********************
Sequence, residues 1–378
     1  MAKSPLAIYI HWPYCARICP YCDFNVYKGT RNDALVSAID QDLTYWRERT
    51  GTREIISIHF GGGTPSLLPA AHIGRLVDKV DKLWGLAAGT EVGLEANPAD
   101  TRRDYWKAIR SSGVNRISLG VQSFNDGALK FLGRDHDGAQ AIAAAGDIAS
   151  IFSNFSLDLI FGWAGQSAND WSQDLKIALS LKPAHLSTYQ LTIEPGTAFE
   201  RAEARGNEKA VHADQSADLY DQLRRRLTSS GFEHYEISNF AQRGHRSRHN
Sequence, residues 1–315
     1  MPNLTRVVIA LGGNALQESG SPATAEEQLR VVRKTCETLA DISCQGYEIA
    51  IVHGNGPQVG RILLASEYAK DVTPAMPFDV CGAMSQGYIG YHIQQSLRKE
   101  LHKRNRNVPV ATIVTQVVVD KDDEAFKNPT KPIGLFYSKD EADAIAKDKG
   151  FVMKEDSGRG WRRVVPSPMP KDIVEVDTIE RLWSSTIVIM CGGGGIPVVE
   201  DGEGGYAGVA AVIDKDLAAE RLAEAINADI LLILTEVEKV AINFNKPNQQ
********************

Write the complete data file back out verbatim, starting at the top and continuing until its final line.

Sequence, residues 1–378
     1  MAKSPLAIYI HWPYCARICP YCDFNVYKGT RNDALVSAID QDLTYWRERT
    51  GTREIISIHF GGGTPSLLPA AHIGRLVDKV DKLWGLAAGT EVGLEANPAD
   101  TRRDYWKAIR SSGVNRISLG VQSFNDGALK FLGRDHDGAQ AIAAAGDIAS
   151  IFSNFSLDLI FGWAGQSAND WSQDLKIALS LKPAHLSTYQ LTIEPGTAFE
   201  RAEARGNEKA VHADQSADLY DQLRRRLTSS GFEHYEISNF AQRGHRSRHN
Sequence, residues 1–315
     1  MPNLTRVVIA LGGNALQESG SPATAEEQLR VVRKTCETLA DISCQGYEIA
    51  IVHGNGPQVG RILLASEYAK DVTPAMPFDV CGAMSQGYIG YHIQQSLRKE
   101  LHKRNRNVPV ATIVTQVVVD KDDEAFKNPT KPIGLFYSKD EADAIAKDKG
   151  FVMKEDSGRG WRRVVPSPMP KDIVEVDTIE RLWSSTIVIM CGGGGIPVVE
   201  DGEGGYAGVA AVIDKDLAAE RLAEAINADI LLILTEVEKV AINFNKPNQQ